Prices paid by businesses for goods and services fell unexpectedly in February, a potential sign of a weak recovery.» Read More
"The V-shaped recovery just got a badly needed shot in the arm today as the consumer is back in the game in a big way," said economist Chris Rupkey.
Even if Lehman Brothers were saved last September, another financial institution would have failed and set off the same global economic crisis that has plagued international markets for the last year, the European Central Bank President told CNBC.
Treasury Secretary Timothy Geithner offered a spirited defense of the government's efforts to forestall another Great Depression but cautioned that the recovery would be slow and painful.
The collapse of Fannie Mae and Freddie Mac one year ago was the result of bad government policy that took too long be corrected, Jim Lockhart, the GSE's former regulator, told CNBC.
Despite the nation's highest jobless rate in 26 years, American workers are seeing some encouraging trends this Labor Day, according to a report released Monday by Rutgers University.
August unemployment data were released this morning and the numbers were not as bad as expected. The rate of job losses is slowing, and some economists think that the rate of jobs lost should reach zero sometime around year end with job growth returning in early 2010.
The unemployment numbers were disappointing at face value, but overall, economic data has been consistently building a foundation for recovery, said Robert Keiser, Standard & Poor's senior director.
The current market rally is based on temporary measures and could evaporate once government stimulus has run its course, Pimco's Mohamed El-Erian told CNBC.
The International Monetary Fund has revised up its forecast for economic growth this year and next in major industrialised economies and worldwide, according to a document obtained by Reuters on Friday.
Dallas Federal Reserve Bank President Richard Fisher on Thursday gave a muted outlook for the U.S. economy, saying a long period of slow growth lies ahead even when the recession ends.
More than 1.3 million Americans' unemployment insurance benefits will run out by the end of the year, placing extra strain on an economy that is just starting to recover from the worst downturn in a generation.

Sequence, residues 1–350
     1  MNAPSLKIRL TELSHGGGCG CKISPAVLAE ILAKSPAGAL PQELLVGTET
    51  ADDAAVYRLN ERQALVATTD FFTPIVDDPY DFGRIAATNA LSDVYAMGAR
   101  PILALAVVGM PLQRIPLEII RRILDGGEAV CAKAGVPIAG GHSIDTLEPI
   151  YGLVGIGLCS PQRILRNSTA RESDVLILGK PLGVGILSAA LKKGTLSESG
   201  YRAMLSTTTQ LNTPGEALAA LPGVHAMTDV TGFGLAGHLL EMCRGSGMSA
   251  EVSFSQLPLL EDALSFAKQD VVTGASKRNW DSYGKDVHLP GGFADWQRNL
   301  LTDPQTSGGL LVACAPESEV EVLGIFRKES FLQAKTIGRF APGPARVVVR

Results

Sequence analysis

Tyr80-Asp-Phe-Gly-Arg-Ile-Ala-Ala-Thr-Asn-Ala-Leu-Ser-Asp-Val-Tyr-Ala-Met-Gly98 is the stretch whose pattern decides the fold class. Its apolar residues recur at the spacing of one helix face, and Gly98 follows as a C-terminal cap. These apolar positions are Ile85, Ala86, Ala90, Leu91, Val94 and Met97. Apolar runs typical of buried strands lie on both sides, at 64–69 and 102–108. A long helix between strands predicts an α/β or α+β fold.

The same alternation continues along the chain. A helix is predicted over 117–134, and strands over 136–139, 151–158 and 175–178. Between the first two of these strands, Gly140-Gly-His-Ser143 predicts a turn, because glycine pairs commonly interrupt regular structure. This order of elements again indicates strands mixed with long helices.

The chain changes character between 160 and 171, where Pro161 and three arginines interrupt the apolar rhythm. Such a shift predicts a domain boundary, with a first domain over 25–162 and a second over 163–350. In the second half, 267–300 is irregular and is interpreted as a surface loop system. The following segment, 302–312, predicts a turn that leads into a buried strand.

Banks were pressured to take government bailout funds under the Troubled Asset Relief Program whether they wanted to or not, said Bill Cooper, the chairman and CEO of TCF Financial.
After a day in the market that felt more like a punch to the solar plexus on Tuesday the market was surprisingly listless on Wednesday. There is usually some fireworks after a 90% down day, but not this time. There was even some news to chew on.
New documents show Federal Reserve policymakers had greater confidence in August that the recession was ending and felt comfortable slowing the pace of one of its economic revival programs.
On Wednesday, investors are watching the ADP private employment survey, a kind of preview to the government's monthly jobs report Friday. There is also productivity and costs at 8:30 am New York time and factory orders at 10 am. The minutes of the Fed's last minute are released at 2 pm.
The start of the month is always filled by monthly employment report hype. But it’s not the payrolls numbers investors should focus on, but the weekly employment claims numbers, Richard Bernstein, CEO of Richard Bernstein Capital Markets told CNBC.com
Commercial loans are likely to be the biggest drivers of future bank failure, Sheila Bair, Chairman of Federal Deposits Insurance Corporation, told CNBC Tuesday.
Dell's forecast that second half revenue should come in stronger than the first half are encouraging words for a stock market that has been doing little more than treading water this week.
William Dudley, president of the New York Federal Reserve talks about economic growth, Treasury auctions, inflation and what the Fed has learned from the economic crisis.
Ask any trader, and the conventional wisdom you hear will be to expect a quiet week coming up, but watch out after Labor Day when Wall Street gets back to work. Still, there's a heavy calendar of important economic data on deck.